Each year many Americans don’t bother filing their tax returns. There are couple of problems with that. One is that if you worked that year, your employer was withholding taxes from your paycheck. You technically paid taxes along the way and filing taxes is simply assessing whether or not you paid enough. It is possible that you contributed more than your fair share and qualify for a refund. The other aspect of not filing your tax return are penalties associated with that.
The IRS can legally access two types of penalties. They are:
- Failure to file – this penalty is based on the amount of tax you owe and is 5% per month, up to 25% of the unpaid tax
- Failure to pay – this penalty is for any taxes not paid by the deadline and is generally 0.5% of the unpaid tax amount per month. It has a limit of 25% of the unpaid amount
Many taxpayers request an extension to file taxes each year. This step can help avoid failure-to-file penalties, but it does not relieve the taxpayer from the responsibility to make payments on any amount owed.
The deadline to file federal taxes for individual tax payers was extended to May 17, 2021. Keep in mind that even though many states extended their deadlines to file to align with the federal filing deadline, not all states may have followed the suit. Estimated taxes for the first quarter are still due on April 15, 2021.
Many taxpayers have been hard hit by the pandemic and may not be in condition to pay. There are solutions to make mitigate this temporary setback and minimize the penalties. Here are some options the taxpayers have:
- Payment plan – it typically benefits a taxpayer to be proactive and responsible about the taxes owed. For once, if the IRS agrees to a payment agreement, your penalties can be cut in half.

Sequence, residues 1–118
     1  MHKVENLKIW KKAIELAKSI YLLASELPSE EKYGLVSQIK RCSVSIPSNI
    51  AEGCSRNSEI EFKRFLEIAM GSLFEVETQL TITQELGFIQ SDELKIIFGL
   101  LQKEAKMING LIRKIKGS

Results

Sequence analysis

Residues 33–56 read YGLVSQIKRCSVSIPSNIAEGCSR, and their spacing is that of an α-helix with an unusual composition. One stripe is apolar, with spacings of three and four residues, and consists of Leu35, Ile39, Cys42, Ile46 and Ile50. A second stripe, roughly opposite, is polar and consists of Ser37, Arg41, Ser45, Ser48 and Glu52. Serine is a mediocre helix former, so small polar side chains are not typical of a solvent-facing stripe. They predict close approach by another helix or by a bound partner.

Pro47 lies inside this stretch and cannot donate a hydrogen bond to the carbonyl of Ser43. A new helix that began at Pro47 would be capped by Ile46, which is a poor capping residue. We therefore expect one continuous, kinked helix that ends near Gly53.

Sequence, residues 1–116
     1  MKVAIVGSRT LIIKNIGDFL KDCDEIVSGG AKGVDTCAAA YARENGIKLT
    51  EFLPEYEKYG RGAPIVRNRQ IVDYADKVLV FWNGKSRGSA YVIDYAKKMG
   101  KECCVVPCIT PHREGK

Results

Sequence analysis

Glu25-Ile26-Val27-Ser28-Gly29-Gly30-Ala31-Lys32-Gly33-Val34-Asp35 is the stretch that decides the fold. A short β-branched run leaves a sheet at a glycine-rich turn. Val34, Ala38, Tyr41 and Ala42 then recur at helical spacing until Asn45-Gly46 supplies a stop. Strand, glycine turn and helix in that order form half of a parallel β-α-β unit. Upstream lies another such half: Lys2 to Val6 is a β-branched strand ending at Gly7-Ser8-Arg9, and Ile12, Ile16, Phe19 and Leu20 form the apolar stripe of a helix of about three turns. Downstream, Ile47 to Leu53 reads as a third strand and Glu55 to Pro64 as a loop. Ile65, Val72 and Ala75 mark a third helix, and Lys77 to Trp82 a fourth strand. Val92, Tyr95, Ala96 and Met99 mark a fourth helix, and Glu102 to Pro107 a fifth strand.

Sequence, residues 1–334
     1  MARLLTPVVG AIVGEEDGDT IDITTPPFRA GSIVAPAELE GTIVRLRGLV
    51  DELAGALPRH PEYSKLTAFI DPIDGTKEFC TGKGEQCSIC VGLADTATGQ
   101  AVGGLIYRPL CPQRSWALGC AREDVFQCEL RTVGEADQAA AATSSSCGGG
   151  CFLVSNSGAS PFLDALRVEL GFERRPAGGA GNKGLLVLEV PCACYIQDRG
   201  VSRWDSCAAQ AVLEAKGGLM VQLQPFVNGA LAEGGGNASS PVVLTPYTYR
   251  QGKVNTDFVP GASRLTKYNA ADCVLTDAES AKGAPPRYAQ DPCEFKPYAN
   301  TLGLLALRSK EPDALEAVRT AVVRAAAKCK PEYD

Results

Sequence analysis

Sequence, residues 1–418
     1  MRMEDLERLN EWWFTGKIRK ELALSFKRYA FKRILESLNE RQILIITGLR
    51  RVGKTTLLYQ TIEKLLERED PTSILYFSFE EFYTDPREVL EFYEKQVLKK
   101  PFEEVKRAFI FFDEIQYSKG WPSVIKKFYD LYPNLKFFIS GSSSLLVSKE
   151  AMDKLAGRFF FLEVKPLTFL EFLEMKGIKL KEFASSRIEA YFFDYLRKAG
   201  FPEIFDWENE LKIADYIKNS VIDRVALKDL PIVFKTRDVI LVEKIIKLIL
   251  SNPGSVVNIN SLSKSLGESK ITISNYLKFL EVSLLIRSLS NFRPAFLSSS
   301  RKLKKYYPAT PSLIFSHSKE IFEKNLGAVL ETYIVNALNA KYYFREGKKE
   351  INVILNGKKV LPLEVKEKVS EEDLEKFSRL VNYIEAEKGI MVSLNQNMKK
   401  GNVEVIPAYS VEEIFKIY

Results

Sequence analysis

You can now complete a request for a payment plan online, and you get an immediate response once your application was approved. There is a short-term (120 days or less) and long-term (installment agreement) currently available. Click here for more details.
- Offer in compromise – eligible taxpayers can submit a request to settle their tax obligation for a lesser amount. Whether or not the request gets approved depends on factors such as status (have you filed tax returns or paid estimated taxes; are you currently in bankruptcy proceeding), your assets, income, and expenditures
- Temporarily delay collection – this option shields taxpayer from the collection process that usually gets postponed. The IRS may grant you this protection if it determines your current situation does not permit you to pay taxes. Important: this doesn’t eliminate your tax debt, but merely postpones it. Interest and penalties may still be charged until the debt obligation is settled with the IRS.